Rheumatoid arthritis is an autoimmune disease that forces your body’s immune system to attack your joints.
This in and of itself is ironic…especially since your immune system is supposed to protect you from any harmful bacteria and viruses.
Today, over a million and a half people suffer from rheumatoid arthritis…and that number is growing every year, especially in older Americans.
There are treatments available for rheumatoid arthritis, but before we get into that, it’s important to understand the symptoms and the factors of rheumatoid arthritis first.
How bad rheumatoid arthritis (RA) is in each person varies by the individual. For some people, symptoms can only last for a few hours, whereas for other people, it can be never ending.
The most obvious symptoms of RA are immense pain, fatigue, and swollen joints. Inflammation can also occur in the joints that lead to stiffness and a difficulty walking.
Currently, there is no cure for AR that we know of. Fortunately, the medicines and the treatments that are available for RA are designed to help make the symptoms less painful and to slow down the disease.
We’ll go over just a handful of the many different available treatments for dealing with RA that have proven successful with some people.
Something to keep in mind, however, is that just because one of these treatments have worked for other people doesn’t necessarily mean that it will work for you as well; therefore, you’ll want to try as many of these different treatments as possible until you find the right one that works for you
Treatments for RA
The first treatment that we’ll discuss is self-managing yourself. This means that even while you aren’t doing any of the following treatments that we’ll discuss, you still have to be conscientious of your RA and take good care of.
Stay active physically, eat a nutritious diet, get plenty of sleep, and taking plenty of medicine. Coping with RA can be immensely difficult, and even though medicine can help, it still can’t solve everything. What do you know about gold injections?
This is why many doctors recommend getting plenty of exercise as well. We’ll explore some of these treatment plans and others next.
Getting a fair share of exercise should be a no-brainer for anybody, with or without arthritis, if you want to stay physically fit. Generally, a half hour of exercise at the minimum and one hour at the most is best for most people.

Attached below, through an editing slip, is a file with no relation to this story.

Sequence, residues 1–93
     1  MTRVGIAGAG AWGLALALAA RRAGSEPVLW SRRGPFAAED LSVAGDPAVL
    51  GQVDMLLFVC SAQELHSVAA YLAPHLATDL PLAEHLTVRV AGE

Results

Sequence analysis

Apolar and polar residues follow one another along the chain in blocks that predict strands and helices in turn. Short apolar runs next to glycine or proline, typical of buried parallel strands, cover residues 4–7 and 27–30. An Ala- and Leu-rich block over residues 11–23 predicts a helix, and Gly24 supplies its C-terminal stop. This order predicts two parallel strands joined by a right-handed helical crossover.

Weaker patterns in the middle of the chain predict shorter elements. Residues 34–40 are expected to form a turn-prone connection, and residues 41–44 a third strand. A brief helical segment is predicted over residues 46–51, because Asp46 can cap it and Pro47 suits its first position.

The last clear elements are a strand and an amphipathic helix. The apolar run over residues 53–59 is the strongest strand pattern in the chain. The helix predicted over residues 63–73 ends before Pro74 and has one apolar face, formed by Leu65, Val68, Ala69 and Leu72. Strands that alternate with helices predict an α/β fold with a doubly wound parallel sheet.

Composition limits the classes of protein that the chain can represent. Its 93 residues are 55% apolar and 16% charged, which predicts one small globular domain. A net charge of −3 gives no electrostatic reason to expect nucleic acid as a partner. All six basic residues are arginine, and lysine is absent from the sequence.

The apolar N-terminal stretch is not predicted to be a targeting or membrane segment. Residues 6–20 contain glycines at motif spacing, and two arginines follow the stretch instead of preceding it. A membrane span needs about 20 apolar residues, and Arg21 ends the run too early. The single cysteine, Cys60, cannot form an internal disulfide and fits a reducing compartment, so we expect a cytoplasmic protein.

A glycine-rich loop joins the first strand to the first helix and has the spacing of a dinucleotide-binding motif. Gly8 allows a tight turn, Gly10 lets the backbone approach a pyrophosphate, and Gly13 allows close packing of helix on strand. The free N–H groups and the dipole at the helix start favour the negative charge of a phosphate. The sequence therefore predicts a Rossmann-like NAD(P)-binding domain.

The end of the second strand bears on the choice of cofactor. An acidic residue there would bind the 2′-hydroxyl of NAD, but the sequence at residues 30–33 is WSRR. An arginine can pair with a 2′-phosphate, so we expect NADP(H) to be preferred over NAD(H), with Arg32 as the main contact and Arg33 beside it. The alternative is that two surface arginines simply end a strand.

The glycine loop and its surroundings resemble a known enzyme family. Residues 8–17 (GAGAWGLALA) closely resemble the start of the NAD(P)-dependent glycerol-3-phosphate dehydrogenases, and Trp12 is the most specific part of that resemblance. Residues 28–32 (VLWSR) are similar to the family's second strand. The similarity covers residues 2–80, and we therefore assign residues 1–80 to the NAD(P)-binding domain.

But a patient with arthritis will be in a lot of pain by putting stress on your joints. It’s important to remain flexible, and exercise will help that in many ways that medicine never could.
In order to make sure that you have the will to put the time down to exercise, perform exercises that you enjoy.
If you like riding bikes, then ride bikes! If you like swimming, then swim! If you like running, then run! The benefits of getting plenty of exercise aren’t just physical; they are psychological as well.
Exercise can help a patient cope with depression and anxiety over having RA.
Even though getting plenty of exercise is important, physical therapy is another huge benefit of treating RA.
Physical therapy with the help and guidance of a professional physical therapist will strengthen the different body parts through the use of exercises, strengthening moves, heat, electrical stimulation, ice, and similar treatments.
Physical therapy differs from exercise in that exercise will help treat RA in the long term, while physical therapy is best for short term. For this reason, many patients choose to go with physical therapy before transitioning over to a full exercise program on their own.
Another viable option is mind body therapy, which as you can probably guess, tackles RA from the psychological aspect. Mind body therapy focuses on such exercises like yoga, meditation, relaxation, and breathing exercises that encourage the patient to focus on coping with the pain via the mind.
In other words, it’s one thing to take the physical steps to lessen the pain, but the mental aspect of it is an entirely different ball game.
However, the two also go hand in hand very well. As you use mind body therapies to improve your mood about your quality of life, your physical exercises can simultaneously help you deal with your chronic pain and the flexibility in your joints and limbs.
Many people may be wary at the thought of mind body therapy, and it is best done with the help of a counselor. A counselor will help their patients find the roots of their problem and encourage them to act and change their behavior.
It’s understandable if you are suffering from depression as a result of your RA; a counselor will help alleviate that stress from the mental side of things.
There are also many home remedies that you can try, and one of the best is to take a nice, long hot bath each nice to help sooth your joints and muscles.
You can also use a heating pad, or use cold treatments such as placing an ice pack on your sore limbs. You’ll be surprised how relieving simple home treatments like this can feel.
The last treatment for RA that we’ll talk about here is acupuncture. Acupuncture as a treatment for stimulating points in the body stretches back for centuries. It is where very, very thin needles are inserted into the body for several minutes at critical points.
Those who practice acupuncture believe that it allows a life force to flow through the body. More scientifically minded proponents of it argue that it endorphins in the body, which are essentially feel good hormones and relieve pain in the affected areas.
Acupuncture is a controversial treatment for RA, as it has been shown to work for many people but also to not work for many, if not more, others. At the very least, you can give it a try and see if it works for you.